No one trusted in Socrates so as to die for his doctrine. But in Christ, not only philosophers and scholars believed, but also artisans, and people entirely uneducated despising glory, and fear, and death.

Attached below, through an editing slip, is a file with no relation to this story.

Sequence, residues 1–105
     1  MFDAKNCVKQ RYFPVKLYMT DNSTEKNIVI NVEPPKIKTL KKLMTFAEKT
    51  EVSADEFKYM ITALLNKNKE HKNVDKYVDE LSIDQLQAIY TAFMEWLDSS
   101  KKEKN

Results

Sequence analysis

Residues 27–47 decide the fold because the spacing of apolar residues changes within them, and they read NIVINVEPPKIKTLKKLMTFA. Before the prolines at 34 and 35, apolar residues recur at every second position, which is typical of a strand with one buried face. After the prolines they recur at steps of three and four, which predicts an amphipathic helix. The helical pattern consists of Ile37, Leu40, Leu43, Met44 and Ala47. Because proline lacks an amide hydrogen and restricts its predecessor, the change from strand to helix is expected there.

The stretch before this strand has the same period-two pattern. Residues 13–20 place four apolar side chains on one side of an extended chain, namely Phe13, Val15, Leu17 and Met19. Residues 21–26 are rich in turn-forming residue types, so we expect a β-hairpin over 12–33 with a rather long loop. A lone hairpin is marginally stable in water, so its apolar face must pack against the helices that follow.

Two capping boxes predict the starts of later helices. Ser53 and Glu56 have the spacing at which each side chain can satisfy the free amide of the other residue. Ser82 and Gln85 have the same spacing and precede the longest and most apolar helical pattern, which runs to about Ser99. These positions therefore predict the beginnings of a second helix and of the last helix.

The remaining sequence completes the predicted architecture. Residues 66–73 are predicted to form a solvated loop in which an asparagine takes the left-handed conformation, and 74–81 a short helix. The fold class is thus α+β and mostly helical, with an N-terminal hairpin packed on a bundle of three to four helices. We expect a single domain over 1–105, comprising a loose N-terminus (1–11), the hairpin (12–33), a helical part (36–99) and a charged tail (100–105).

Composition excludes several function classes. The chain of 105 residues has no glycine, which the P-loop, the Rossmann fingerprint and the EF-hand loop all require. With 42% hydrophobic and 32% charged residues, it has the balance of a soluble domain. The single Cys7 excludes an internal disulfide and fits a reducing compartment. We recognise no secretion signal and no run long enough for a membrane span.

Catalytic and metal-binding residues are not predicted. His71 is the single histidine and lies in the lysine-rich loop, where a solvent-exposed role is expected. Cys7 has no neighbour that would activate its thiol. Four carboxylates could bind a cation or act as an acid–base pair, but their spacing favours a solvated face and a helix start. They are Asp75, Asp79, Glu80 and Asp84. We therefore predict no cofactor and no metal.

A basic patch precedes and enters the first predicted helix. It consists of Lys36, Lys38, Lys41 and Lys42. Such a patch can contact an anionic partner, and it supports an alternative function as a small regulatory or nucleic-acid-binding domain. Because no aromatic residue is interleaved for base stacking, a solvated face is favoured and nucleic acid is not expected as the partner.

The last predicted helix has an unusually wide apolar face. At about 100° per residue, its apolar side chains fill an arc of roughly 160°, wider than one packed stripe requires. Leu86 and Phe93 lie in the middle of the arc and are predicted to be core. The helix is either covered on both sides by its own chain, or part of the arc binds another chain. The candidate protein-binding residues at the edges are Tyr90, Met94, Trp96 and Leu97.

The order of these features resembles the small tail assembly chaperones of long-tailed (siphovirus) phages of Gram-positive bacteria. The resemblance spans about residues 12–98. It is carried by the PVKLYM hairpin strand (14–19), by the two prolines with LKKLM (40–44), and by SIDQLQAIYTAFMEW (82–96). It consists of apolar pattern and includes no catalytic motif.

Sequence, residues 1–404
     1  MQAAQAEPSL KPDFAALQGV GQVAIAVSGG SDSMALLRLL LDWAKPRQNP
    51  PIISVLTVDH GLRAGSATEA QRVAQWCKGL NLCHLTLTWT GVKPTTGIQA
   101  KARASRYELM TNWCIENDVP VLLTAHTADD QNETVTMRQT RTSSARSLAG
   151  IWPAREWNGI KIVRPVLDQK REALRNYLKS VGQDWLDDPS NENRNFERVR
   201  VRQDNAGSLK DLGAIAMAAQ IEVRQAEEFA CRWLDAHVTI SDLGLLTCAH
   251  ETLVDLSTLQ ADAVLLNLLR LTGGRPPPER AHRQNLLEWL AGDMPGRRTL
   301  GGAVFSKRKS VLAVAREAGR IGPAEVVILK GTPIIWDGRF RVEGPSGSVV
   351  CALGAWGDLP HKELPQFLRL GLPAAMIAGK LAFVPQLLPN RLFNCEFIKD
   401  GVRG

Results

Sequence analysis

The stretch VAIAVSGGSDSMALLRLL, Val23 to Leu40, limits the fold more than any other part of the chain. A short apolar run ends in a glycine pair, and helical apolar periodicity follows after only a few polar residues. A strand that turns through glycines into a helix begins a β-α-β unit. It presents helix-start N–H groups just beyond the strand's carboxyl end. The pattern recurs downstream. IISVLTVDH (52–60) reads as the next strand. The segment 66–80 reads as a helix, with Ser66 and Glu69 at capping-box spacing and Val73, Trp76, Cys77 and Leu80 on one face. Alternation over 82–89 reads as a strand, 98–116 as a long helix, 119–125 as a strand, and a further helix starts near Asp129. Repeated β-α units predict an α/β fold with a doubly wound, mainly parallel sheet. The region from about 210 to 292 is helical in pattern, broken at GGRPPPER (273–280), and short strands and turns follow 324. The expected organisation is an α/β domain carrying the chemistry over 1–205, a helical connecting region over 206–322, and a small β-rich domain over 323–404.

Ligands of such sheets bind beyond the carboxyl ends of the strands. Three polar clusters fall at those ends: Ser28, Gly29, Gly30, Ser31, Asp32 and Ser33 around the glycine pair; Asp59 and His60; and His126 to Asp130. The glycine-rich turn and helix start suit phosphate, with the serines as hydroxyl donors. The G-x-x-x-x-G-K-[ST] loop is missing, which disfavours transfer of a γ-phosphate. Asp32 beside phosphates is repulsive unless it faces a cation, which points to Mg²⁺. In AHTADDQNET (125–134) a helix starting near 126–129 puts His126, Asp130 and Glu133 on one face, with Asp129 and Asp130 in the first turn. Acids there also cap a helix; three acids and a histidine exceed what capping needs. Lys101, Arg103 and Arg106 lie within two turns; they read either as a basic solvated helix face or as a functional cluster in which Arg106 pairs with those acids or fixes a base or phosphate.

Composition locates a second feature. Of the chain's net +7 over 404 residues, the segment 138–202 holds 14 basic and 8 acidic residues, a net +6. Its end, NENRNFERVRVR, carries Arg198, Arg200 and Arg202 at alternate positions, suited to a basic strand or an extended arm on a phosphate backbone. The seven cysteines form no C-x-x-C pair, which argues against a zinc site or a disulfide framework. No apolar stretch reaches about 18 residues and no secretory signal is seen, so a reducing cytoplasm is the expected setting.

Early church father Justin Martyr is shown in his philosopher's cloak, one hand holding a scroll representing his many writings, the other lifted up in surrender to Jesus Christ as Lord and Savior. Behind him stands the old man by the shore of Ephesus who first testified to him of Christ's redeeming love. Above him are six of his students who were put to death with Justin for openly proclaiming their faith. At the top of the banner are scenes from Rome where so many early Christians gave their lives in martyrdom. The symbol of the anchor with the fish is an early Christian sign for the faithful and is repeated seven times, in memory of Justin and his six students. In Justin's teaching, all human aspirations had their summation in Jesus Christ.